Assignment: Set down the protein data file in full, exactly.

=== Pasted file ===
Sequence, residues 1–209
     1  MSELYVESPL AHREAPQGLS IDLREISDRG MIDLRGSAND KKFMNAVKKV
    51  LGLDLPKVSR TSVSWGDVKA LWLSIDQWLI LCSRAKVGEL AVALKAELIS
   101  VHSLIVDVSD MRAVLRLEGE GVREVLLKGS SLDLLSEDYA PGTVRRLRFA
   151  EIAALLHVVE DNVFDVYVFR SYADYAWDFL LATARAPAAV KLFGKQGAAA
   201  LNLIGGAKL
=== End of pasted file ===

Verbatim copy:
Sequence, residues 1–209
     1  MSELYVESPL AHREAPQGLS IDLREISDRG MIDLRGSAND KKFMNAVKKV
    51  LGLDLPKVSR TSVSWGDVKA LWLSIDQWLI LCSRAKVGEL AVALKAELIS
   101  VHSLIVDVSD MRAVLRLEGE GVREVLLKGS SLDLLSEDYA PGTVRRLRFA
   151  EIAALLHVVE DNVFDVYVFR SYADYAWDFL LATARAPAAV KLFGKQGAAA
   201  LNLIGGAKL